The nutritional well-being of broodmares and breeding stallions plays an important role in fertility.

The nutritional status of mares is a critical component in foal health from the moment of conception and continues through weaning.

The most common mistakes are overfeeding during early pregnancy and underfeeding during lactation. The breeder should aim to maintain the mare in optimum condition throughout the year by monitoring body condition and weight. This is the best way of ensuring the sound development and growth of the foal and the nutritional health of the mare.

Mares should be kept in moderate body condition, so the amount of supplementary feed will depend on the available pasture as well as the individual’s caloric needs. Feed mares according to their individual requirements. Be aware of differences in caloric requirements (or differences in efficiency) between breeds, understand and compensate for seasonal effects on pasture quality and quantity, and make condition scoring of mares a routine management task, acting on the slightest noticeable changes with the aim of always keeping the mare in a desirable body condition.

Finally, ensure mares receive optimal intake of nutrients during the last trimester of pregnancy in order to support the most rapid phase of fetal growth as well as to supply the trace minerals the foal will store in its liver for use during the first few months of life.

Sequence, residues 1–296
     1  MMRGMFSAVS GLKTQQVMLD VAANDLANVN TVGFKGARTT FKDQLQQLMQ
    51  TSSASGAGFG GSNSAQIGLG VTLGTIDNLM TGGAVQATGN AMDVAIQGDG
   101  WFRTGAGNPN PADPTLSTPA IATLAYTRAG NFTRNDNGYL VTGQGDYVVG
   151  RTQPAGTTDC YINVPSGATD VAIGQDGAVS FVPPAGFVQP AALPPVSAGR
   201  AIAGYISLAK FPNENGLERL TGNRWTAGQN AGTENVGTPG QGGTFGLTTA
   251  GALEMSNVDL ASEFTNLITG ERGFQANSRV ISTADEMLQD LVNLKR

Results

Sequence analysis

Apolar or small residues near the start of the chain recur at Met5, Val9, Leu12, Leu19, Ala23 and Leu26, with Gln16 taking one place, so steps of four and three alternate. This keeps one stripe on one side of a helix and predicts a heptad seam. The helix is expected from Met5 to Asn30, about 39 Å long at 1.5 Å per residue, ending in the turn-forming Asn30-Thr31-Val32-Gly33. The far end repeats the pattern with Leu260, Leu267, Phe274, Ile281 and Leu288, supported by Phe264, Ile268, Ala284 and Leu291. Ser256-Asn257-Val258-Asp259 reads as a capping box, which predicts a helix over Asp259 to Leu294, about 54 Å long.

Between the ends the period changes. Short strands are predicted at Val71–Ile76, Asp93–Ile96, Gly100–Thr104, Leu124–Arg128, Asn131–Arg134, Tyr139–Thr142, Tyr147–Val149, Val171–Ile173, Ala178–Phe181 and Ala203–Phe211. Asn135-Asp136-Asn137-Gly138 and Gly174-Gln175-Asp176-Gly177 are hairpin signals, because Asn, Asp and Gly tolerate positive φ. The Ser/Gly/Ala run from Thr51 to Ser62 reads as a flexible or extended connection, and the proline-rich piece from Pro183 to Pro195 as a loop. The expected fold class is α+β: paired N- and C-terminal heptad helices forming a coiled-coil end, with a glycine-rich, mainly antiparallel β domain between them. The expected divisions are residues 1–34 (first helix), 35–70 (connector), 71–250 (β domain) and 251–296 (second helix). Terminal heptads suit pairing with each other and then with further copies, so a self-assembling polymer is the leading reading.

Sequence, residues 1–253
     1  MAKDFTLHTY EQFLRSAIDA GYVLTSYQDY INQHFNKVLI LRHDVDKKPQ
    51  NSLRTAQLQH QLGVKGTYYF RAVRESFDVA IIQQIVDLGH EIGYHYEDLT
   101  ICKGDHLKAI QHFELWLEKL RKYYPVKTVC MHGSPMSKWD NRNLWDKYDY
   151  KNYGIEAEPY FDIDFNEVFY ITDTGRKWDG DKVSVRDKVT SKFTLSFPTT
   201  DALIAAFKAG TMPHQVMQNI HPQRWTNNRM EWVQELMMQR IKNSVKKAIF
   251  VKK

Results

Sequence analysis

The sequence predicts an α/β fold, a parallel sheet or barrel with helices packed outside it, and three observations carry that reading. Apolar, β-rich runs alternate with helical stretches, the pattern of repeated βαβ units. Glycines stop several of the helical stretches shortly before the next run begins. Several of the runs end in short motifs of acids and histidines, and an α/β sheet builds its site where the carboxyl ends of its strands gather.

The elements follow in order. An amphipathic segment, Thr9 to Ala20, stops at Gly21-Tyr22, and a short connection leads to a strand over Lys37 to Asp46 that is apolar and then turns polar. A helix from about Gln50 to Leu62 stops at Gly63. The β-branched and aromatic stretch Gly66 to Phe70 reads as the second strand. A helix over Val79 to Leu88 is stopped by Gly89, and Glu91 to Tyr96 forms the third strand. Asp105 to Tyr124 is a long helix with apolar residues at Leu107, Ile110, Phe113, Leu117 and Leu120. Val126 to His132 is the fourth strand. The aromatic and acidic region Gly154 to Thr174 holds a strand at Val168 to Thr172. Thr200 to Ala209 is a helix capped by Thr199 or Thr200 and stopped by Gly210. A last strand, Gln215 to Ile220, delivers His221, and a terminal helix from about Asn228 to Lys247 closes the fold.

Various aspects of pregnancy and foaling can be supported and, in some cases, improved through specific nutritional support. The antioxidant vitamin E has been shown to support improved fertility in mares that have trouble conceiving. In addition to benefits from feeding a natural-source liquid vitamin E, DHA and EPA omega-3 fatty acid supplementation from fish oil has been shown to decrease the incidence of abortion, improve colostrum quality, and enhance passive transfer of antibodies to foals.

Breeding stallions require a carefully balanced diet to maintain optimal body condition and fertility. For the stallion, the year can be divided into two basic phases, the breeding season and the off-season, except for those stallions that breed in both hemispheres.

Stallions are sometimes expected to be fertile with normal sperm counts all year, every year. However, as with the mare, the fertility in the stallion varies according to the season.

From a nutritional standpoint, the act of breeding can loosely be classified as work. Breeding stallions expend nearly the same amount of energy as performance horses in light work. However, a stallion’s caloric expenditure may be elevated when bred multiple times a day and in stallions that naturally give themselves more exercise, such as those that display nervous behaviors. Additionally, some stallions continue to be in work either competing or simply being exercised, and the caloric expenditure is additive to that of breeding.

Certain aspects of stallion reproduction are improved by supplementation. In order to survive and achieve fertilization of the egg, the sperm cell must survive some harsh conditions, from freezing and thawing in the case of shipped semen, to the mare’s body and its defenses. For that reason, antioxidant protection is key when attempting to improve the chances for a successful mating. Vitamin E is an essential component of body-wide antioxidant defenses and plays a vital role in reproductive functions.